The American economy has been sluggish for approximately the past five years and pari-mutuel wagering has been under increasing pressure from gaming competition for decades. Under these foreboding conditions, racetracks, farms, auction houses, and other equine businesses are tempted to curtail marketing budgets. But the wiser action is often to boost outlays for revenue-enhancing activities once sales begin to stagnate.

A business’s revenue levels are to varying degrees a function of the amount of money it allocates to marketing. Yet when sales begin to decline, executives are tempted to cut back in such areas as advertising and personal selling in order to trim expenses. However, doing so may be counterproductive because the reduced spending will likely exacerbate the deterioration in revenues.

Curtailing marketing in the face of economic adversity is usually explained by the reasoning “we can’t afford the expense right now.” This implies that a firm’s marketing expenditures are ineffective, meaning that a dollar spent does not lead to more than a dollar in additional revenue.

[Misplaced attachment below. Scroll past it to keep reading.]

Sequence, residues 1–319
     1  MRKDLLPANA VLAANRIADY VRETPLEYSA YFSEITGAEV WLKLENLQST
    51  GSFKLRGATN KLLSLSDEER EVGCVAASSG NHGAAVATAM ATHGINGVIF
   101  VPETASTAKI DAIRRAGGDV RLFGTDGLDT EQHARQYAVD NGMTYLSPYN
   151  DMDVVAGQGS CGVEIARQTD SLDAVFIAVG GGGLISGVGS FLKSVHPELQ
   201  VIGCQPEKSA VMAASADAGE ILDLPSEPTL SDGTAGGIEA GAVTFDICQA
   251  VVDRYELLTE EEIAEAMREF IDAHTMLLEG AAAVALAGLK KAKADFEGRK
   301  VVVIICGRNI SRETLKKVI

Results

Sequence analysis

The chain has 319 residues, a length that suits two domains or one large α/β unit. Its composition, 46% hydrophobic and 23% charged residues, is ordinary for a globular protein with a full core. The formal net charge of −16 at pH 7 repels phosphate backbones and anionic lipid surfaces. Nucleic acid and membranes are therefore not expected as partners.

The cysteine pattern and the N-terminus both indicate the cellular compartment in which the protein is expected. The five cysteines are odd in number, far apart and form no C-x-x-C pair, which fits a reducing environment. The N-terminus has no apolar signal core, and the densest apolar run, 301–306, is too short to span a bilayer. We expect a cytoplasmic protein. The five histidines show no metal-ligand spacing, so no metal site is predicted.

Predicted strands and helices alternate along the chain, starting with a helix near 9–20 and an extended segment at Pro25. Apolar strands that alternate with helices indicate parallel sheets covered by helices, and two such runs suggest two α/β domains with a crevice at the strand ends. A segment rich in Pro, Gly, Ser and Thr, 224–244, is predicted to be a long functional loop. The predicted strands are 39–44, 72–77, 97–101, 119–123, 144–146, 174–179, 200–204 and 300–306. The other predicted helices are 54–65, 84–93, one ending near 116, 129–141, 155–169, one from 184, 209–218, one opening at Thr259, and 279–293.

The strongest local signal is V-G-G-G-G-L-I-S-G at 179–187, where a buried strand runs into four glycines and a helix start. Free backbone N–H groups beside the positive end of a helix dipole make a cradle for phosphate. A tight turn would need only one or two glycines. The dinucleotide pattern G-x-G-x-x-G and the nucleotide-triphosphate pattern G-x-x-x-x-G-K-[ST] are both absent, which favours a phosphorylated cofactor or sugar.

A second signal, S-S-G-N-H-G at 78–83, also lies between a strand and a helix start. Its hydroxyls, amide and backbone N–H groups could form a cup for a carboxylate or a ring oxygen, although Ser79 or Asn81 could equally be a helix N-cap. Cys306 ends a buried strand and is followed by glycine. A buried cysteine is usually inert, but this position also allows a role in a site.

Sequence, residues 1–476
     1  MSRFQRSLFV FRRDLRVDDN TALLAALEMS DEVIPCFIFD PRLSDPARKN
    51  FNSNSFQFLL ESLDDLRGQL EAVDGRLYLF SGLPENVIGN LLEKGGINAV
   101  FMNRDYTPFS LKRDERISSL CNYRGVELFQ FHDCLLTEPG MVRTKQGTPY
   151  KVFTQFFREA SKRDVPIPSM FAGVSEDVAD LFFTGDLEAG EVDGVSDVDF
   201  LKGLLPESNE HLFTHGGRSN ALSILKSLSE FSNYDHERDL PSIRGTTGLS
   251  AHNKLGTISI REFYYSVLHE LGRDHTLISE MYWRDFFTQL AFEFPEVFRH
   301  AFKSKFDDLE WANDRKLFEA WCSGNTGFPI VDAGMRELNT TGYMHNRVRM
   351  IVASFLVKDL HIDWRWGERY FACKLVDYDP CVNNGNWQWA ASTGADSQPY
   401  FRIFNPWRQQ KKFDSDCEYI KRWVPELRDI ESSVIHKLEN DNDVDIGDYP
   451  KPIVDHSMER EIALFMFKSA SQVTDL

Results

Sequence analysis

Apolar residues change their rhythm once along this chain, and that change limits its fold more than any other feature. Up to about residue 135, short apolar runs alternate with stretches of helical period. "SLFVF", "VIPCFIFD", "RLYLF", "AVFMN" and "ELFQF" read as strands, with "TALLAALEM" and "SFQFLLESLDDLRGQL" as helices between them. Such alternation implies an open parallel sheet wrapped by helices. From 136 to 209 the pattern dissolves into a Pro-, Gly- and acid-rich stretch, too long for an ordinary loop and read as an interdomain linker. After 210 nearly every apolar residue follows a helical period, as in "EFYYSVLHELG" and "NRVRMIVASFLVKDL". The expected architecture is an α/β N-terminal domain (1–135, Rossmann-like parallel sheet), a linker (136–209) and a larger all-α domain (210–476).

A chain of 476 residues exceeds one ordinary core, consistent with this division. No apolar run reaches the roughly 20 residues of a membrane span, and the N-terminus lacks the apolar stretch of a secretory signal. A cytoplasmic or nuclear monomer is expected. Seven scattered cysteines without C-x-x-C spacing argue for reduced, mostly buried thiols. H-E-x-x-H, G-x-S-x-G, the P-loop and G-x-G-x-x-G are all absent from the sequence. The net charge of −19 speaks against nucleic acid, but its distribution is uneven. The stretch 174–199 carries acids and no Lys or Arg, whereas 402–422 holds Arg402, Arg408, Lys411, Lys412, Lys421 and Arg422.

In some cases, decreasing marketing expenditures is justified—for example, when the economic headwinds are so severe that no amount of demand stimulation will produce much revenue. However, this is the exception rather than the rule. If marketing and advertising expenditures do not more than pay for themselves, then something is wrong with the underlying strategy or tactics to begin with.

The pioneering marketing and advertising merchant John Wanamaker famously commented: “Half the money I spend on advertising is wasted; the trouble is, I don’t know which half.” What Wanamaker lamented has crossed the mind of anyone attempting to determine how much to spend on revenue-enhancing activities, particularly advertising, as well as where to allocate the dollars.

But today’s techniques for measuring and enhancing results are much better than in Wanamaker’s day and are dramatically improved over even a decade ago. For instance, free tools like Google Analytics are available to the smallest of businesses, search engine optimization is not an expensive undertaking, and simple experiments can be conducted for non-Internet types of promotion.

An organization that cuts promotional expenses in reaction to a decline in sales is reversing the normal cause and effect relationship between marketing and revenues.

Copyright © 2013 the Blood-Horse. Used with permission.